Building a Low Impact Round House - 4th edition

Martin Holme | Friday, 13th June 2014
Tony Wrench shares his many years of experience, plus photos and drawings of his roundhouse, that has cost just £5,500. Updated to 2014.
Author: Tony Wrench
Publisher: Permanent Publications
Publication year: 2014
RRP: £12.95

In the UK there are some trail-blazers when it comes to 'ecobuilding'. Firstly, Ben Law whose beautiful house in a Sussex wood was featured on Channel 4's Grand Designs more than 10 years ago and secondly Tony Wrench's roundhouse at Brithdir Mawr in Pembrokeshire. He built it in 1997-8 and retrospective planning permission was declined several times. The significance of ecobuilding pioneers like Ben and Tony cannot be underestimated as sustainable development has emerged as the overarching objective of the planning system.

Tony Wrench's book is practical yet unfussy, written with humour and full of valuable information with lots of photographs and illustrations. He tells the story of the building very well. It is very inspiring to read because it changes your perspective on what is possible.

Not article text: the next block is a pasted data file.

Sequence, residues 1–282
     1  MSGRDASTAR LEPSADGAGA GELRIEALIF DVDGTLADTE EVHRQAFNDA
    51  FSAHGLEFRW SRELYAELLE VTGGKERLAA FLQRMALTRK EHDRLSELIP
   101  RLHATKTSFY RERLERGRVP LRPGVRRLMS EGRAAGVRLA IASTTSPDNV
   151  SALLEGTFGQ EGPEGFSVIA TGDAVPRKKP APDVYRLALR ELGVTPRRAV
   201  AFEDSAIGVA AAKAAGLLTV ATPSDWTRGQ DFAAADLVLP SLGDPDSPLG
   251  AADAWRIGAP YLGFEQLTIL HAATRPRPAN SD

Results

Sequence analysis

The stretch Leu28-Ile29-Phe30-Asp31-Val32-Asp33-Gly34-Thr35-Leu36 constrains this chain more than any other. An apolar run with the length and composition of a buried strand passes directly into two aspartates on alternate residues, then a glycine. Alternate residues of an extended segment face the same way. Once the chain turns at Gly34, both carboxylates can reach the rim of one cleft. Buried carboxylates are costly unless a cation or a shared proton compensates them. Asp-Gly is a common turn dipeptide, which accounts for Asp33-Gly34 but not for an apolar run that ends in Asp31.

It covers the design of the house using what is called a reciprocal frame roof (which is self supporting) and devotes attention to what is the skeleton of the house. It then describes the construction of the roof, the walls, water management systems, what you can do on the outside of the house, electrics and a section on a compost toilet. Although principally a 'how-to' book, it is written with wit and in a clear way.

This new edition gives updates based on feedback and the learning since the house was first built, looking at what worked and what proved unnecessary. It also revisits some of the techniques used in building the roundhouse. For example, for new builds he now recommends using more than one waterproof layer (terram or another similar geotextile) for the roof to avoid leaks.

Moreover, Tony discusses adjustments made to the floor, compost toilet, the stove/fire, renewable electricity, reed bed, kitchen, windows and basic design/lifestyle issues. He offers lots of interesting small details gleaned from experience, having lived in the house now for more than a decade. The final chapter discusses planning, the all-important factor facing many potential ecobuilders. It is this issue that puts many people off their dream.

If you are interested in living sustainably then this book deserves a prominent place on your 'important books' bookcase.

Martin Holme carves spoons, makes wands and Gandalf-type walking sticks, knaps flint and spends a lot of time in the woods.

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